Midwives have welcomed a new five-year project that aims to halve the number of baby deaths and brain injuries that happen during labour.
Current estimates suggest around 500 babies a year die or are left severely disabled because something goes wrong during birth. However, experts believe some of these tragedies are avoidable.
The Every Baby Counts scheme, launched by the Royal College of Obstetricians and Gynaecologists today, will start by collecting and analysing data from all UK maternity units.
“Because the lessons learned from these local reviews are not being shared, opportunities to improve care at a national level are being missed”
The scheme, which is part funded by the Department of Health, will go on to make a series of recommendations designed to improve care.
“Most pregnant women receive exemplary care during labour in our NHS hospitals, but tragically some babies die or are left severely brain-damaged,” said Professor Zarko Alfirevic, co-principal investigator for the project.
“Currently when these events occur they are investigated locally. However, because the lessons learned from these local reviews are not being shared, opportunities to improve care at a national level are being missed,” he said.
“This is one of the most ambitious and exciting projects in women’s health in the UK. Our goal poses a significant challenge but we are confidence we will achieve it,” he added.
A spokeswoman for the RCOG stressed the aim was to halve the number of labour-related stillbirths, early neonatal deaths and brain injuries among babies who have reached full term – so the target does not include babies born prematurely.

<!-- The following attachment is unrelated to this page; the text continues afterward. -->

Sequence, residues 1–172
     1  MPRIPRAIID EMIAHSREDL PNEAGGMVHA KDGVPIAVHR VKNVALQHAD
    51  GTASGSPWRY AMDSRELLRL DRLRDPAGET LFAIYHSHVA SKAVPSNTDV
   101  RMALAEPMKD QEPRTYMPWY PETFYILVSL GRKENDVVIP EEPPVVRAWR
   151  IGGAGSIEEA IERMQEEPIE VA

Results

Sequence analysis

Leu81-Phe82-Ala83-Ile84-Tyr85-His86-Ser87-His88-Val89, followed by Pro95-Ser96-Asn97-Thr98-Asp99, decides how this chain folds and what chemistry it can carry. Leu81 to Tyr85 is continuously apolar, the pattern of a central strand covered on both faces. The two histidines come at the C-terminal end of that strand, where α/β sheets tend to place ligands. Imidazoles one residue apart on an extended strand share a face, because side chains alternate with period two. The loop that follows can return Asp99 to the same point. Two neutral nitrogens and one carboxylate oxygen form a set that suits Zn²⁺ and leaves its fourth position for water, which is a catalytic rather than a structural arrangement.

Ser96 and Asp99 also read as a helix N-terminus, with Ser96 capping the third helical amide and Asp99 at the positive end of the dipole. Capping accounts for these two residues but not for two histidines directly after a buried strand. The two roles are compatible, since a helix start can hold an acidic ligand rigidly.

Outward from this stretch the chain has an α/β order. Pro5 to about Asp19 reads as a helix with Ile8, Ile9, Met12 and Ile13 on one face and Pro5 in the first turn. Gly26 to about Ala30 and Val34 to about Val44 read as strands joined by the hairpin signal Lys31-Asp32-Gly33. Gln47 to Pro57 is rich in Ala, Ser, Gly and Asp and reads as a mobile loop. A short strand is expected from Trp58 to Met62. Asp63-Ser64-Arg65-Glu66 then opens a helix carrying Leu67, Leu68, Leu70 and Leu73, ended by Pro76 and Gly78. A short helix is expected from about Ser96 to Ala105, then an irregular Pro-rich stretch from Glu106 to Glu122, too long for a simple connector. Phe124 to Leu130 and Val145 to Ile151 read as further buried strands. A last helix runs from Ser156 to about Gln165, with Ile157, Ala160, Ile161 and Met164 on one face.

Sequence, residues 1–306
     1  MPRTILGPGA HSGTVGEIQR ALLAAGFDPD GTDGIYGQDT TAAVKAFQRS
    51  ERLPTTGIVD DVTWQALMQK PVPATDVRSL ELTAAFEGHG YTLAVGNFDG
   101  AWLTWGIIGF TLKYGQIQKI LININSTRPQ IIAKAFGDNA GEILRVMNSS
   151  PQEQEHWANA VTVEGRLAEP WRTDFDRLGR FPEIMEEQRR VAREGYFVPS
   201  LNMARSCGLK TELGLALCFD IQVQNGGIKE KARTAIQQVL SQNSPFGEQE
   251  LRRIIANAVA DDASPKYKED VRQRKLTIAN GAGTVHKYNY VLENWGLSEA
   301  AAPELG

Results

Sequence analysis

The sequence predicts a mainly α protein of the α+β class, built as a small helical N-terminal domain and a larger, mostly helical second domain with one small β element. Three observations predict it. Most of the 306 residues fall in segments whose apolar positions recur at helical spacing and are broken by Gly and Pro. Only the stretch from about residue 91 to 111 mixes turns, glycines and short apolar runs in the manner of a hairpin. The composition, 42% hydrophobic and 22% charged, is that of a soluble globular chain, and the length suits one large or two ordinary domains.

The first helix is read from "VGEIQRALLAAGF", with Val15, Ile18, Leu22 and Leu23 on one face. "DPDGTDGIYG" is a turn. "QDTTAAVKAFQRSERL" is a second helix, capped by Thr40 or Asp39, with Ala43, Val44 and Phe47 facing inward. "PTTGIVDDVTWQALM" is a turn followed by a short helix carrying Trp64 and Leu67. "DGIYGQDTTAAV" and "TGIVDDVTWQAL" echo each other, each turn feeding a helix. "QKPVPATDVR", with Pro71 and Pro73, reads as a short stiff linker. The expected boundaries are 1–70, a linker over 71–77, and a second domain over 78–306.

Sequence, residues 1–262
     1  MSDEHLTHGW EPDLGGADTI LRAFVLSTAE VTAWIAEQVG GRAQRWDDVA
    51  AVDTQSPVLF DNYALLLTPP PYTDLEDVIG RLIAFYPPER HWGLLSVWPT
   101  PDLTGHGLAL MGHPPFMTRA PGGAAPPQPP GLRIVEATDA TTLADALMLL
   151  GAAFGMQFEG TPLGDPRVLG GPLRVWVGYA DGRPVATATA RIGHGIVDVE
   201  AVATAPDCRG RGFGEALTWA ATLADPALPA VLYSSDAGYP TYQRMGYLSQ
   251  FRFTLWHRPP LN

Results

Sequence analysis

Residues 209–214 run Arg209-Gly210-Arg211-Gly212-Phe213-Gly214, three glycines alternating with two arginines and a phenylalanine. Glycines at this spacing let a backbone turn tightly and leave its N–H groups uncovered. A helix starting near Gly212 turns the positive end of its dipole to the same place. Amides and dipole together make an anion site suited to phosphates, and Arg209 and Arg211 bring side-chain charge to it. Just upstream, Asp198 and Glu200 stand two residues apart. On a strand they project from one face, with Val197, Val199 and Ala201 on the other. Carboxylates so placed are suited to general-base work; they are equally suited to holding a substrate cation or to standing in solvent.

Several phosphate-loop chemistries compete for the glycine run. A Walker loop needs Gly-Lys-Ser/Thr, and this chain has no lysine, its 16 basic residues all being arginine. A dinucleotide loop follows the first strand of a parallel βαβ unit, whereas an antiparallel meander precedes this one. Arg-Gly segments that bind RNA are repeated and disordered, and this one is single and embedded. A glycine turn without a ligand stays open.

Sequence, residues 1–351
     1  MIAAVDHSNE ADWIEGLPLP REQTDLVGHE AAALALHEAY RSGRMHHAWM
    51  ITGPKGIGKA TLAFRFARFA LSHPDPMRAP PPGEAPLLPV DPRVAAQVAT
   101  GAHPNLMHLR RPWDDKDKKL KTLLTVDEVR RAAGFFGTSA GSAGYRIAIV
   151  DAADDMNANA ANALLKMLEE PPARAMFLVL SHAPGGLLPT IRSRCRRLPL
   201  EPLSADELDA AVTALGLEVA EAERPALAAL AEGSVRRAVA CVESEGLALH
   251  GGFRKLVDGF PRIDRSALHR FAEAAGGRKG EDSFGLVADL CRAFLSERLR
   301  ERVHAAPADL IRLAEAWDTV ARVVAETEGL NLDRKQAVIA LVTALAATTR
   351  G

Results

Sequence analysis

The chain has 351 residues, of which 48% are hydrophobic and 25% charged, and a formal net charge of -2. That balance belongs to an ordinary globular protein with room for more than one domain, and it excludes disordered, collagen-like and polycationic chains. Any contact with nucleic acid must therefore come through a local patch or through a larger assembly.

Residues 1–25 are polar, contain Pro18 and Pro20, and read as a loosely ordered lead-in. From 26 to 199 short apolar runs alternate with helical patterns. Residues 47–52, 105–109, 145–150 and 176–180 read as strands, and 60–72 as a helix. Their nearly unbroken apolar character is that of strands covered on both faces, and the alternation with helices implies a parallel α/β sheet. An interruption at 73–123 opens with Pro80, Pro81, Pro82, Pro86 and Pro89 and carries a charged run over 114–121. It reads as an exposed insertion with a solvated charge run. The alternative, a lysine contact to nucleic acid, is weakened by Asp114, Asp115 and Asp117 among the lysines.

The Royal College of Midwives said it was fully behind the initiative. “It is vital we learn the lessons from these tragic events,” said RCM director for England Jacque Gerard.
“We must also ensure that what we learn is shared and any actions implemented across the country,” she added.
The project was also welcomed by the stillbirth and neonatal death charity Sands, which said standards of care currently varied considerably across the country.
“It’s time to ensure that every mother receives the best quality care available and avoidable deaths are prevented,” said Sands chief executive Neal Long.
The success of future action plans that result from the project will be assessed by monitoring trends and geographic distribution of deaths and severe brain injuries in the future.